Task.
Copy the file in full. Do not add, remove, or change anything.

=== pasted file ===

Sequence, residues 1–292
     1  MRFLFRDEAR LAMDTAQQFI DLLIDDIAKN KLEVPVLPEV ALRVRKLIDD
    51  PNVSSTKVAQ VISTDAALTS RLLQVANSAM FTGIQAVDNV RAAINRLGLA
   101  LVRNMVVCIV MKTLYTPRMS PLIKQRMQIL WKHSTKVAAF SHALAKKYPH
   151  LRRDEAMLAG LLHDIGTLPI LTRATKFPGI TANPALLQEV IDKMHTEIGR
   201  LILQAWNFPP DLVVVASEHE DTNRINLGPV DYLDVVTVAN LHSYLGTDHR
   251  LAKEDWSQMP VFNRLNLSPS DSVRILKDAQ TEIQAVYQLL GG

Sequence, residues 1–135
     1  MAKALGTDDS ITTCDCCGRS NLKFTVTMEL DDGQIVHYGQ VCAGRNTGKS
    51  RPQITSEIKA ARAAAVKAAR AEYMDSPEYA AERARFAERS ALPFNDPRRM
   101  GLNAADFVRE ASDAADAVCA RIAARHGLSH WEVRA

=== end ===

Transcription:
Sequence, residues 1–292
     1  MRFLFRDEAR LAMDTAQQFI DLLIDDIAKN KLEVPVLPEV ALRVRKLIDD
    51  PNVSSTKVAQ VISTDAALTS RLLQVANSAM FTGIQAVDNV RAAINRLGLA
   101  LVRNMVVCIV MKTLYTPRMS PLIKQRMQIL WKHSTKVAAF SHALAKKYPH
   151  LRRDEAMLAG LLHDIGTLPI LTRATKFPGI TANPALLQEV IDKMHTEIGR
   201  LILQAWNFPP DLVVVASEHE DTNRINLGPV DYLDVVTVAN LHSYLGTDHR
   251  LAKEDWSQMP VFNRLNLSPS DSVRILKDAQ TEIQAVYQLL GG

Sequence, residues 1–135
     1  MAKALGTDDS ITTCDCCGRS NLKFTVTMEL DDGQIVHYGQ VCAGRNTGKS
    51  RPQITSEIKA ARAAAVKAAR AEYMDSPEYA AERARFAERS ALPFNDPRRM
   101  GLNAADFVRE ASDAADAVCA RIAARHGLSH WEVRA